Another thing nagged at me when looking at the list of games in my program. It was the “Target Audience” section under each title. 11+. 14 and up. 9-15. Then the games and talks themselves. Teaching urban youth healthy ways to deal with fear, frustration, and sadness. Encourage young people to think more about the origin of the clothes we buy on British high-streets. Empowering youth to view and participate in civic engagement through a game creation lens.
Games for Change is almost overwhelmingly skewed toward educating youth.
There is a problem with this on two levels. First, the audience that most of these games are targeting probably play bigger, better, commercial games. Games that have multimillion-dollar budgets and look so slick and polished that any other games that don’t look like summer blockbusters are assumed to be bad by default. Many Games for Change don’t have the sort of budget to look anything like these games, and few seem to be cognizant of the video game status quo. Many of them don’t even bother engaging potential young gamers where they live—nothing shown at the festival was in development for a major console, nor Facebook or any other big social media site.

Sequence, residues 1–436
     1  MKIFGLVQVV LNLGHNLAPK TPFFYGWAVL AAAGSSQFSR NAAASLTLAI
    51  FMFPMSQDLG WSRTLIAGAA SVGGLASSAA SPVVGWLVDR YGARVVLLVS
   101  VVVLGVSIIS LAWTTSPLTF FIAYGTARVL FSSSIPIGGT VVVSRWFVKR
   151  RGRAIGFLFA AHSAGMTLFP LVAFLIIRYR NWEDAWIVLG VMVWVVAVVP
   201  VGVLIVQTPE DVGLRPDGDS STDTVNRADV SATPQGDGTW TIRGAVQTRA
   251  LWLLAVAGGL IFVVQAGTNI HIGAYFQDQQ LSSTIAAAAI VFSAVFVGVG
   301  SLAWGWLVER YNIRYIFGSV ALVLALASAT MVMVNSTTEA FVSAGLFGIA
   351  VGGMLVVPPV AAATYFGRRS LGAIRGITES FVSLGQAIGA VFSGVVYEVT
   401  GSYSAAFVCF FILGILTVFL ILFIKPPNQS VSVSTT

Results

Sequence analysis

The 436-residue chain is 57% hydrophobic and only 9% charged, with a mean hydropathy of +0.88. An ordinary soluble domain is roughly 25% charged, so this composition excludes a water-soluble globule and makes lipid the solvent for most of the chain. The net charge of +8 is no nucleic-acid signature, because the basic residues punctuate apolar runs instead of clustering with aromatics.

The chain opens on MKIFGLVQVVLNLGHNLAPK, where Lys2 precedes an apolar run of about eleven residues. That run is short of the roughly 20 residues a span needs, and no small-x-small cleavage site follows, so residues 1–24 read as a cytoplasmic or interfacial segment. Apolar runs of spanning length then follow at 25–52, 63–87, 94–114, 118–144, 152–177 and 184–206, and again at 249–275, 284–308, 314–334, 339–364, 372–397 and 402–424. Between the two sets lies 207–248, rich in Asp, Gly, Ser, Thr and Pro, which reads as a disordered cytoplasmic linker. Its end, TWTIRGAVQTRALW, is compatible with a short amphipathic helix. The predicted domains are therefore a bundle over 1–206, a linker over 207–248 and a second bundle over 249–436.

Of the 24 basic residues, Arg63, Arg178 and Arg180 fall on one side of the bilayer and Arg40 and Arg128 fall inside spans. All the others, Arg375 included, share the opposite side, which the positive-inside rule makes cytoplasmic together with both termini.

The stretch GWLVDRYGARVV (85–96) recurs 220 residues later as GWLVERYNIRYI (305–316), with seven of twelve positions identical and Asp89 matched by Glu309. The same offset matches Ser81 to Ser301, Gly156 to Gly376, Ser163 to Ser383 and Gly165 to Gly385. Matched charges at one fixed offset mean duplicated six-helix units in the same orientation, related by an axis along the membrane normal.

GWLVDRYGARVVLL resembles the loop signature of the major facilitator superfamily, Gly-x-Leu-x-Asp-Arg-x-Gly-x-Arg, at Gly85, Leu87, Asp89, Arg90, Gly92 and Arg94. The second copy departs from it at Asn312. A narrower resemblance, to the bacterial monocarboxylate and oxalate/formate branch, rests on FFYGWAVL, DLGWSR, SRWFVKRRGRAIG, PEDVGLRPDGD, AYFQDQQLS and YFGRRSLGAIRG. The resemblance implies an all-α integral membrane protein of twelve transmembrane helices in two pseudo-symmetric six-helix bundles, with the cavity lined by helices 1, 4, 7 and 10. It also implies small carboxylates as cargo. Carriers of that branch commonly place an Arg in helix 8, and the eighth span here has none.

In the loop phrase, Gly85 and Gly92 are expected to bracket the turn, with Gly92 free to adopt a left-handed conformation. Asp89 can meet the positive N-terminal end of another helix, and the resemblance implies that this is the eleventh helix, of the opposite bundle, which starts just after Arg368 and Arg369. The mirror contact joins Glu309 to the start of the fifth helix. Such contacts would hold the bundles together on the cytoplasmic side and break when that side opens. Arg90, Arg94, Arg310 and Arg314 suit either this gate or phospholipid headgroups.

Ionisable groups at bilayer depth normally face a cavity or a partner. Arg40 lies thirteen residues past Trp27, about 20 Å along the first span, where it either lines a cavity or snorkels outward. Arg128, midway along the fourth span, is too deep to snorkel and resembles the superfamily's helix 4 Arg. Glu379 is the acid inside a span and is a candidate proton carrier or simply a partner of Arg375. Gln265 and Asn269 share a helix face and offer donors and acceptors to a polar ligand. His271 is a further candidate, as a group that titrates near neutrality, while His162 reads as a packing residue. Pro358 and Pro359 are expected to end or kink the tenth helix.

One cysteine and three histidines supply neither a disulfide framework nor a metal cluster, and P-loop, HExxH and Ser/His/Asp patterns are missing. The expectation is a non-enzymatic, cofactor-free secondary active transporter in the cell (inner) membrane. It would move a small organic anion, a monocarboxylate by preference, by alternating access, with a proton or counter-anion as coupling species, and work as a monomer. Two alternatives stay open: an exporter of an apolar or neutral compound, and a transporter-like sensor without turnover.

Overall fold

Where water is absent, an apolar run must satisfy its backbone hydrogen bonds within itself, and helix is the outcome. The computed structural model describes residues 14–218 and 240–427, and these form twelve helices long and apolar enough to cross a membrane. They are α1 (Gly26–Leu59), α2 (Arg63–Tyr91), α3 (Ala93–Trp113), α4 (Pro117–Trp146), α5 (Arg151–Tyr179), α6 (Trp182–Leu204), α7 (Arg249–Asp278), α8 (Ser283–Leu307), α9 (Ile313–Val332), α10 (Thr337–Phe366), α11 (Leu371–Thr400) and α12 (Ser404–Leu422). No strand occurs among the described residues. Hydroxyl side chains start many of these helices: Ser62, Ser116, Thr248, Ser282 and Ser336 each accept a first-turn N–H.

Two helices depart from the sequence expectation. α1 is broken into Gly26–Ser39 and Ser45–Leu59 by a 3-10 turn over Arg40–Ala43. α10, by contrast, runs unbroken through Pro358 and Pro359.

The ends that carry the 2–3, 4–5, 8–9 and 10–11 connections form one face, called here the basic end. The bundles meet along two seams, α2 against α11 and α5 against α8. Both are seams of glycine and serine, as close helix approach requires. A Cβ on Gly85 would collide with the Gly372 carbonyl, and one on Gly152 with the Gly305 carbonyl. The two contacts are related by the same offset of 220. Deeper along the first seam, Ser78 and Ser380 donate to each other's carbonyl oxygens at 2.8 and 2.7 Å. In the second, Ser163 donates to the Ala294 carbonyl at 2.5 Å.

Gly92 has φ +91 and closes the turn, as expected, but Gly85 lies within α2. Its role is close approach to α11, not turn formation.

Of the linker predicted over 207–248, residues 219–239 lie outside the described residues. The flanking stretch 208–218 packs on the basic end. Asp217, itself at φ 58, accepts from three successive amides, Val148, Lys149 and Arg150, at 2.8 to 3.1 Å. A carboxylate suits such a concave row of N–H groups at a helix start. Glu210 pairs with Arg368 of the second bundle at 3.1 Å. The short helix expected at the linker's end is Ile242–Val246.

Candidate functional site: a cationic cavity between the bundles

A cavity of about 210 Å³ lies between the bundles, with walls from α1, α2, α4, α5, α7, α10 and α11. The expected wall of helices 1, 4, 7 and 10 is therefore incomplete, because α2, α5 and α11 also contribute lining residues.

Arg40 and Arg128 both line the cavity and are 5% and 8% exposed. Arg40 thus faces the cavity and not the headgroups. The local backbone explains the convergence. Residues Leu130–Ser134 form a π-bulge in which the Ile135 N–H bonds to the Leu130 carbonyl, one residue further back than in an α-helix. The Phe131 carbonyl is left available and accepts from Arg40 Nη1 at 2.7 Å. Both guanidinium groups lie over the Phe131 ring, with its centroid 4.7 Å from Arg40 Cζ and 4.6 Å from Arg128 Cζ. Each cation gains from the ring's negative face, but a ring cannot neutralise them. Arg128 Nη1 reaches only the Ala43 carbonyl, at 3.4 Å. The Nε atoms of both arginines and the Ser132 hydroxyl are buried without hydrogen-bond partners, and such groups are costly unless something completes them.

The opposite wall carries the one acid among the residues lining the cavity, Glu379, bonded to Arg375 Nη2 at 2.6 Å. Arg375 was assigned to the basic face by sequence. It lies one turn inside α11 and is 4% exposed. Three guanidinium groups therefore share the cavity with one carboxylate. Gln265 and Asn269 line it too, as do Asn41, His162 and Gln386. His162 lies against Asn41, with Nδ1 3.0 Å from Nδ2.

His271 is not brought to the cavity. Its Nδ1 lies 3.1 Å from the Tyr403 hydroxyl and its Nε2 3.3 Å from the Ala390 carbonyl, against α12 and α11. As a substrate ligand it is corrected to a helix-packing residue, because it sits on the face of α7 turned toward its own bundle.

Looking through the program, I couldn’t help but think what about me? I’m a young adult, out of college, willing to contribute. I want games that not only ask me to do more than kill others trying to kill me, but games that explore things that matter, that make me uncomfortable, that achieve that level of social impact and good that Games for Change aspires to bring about.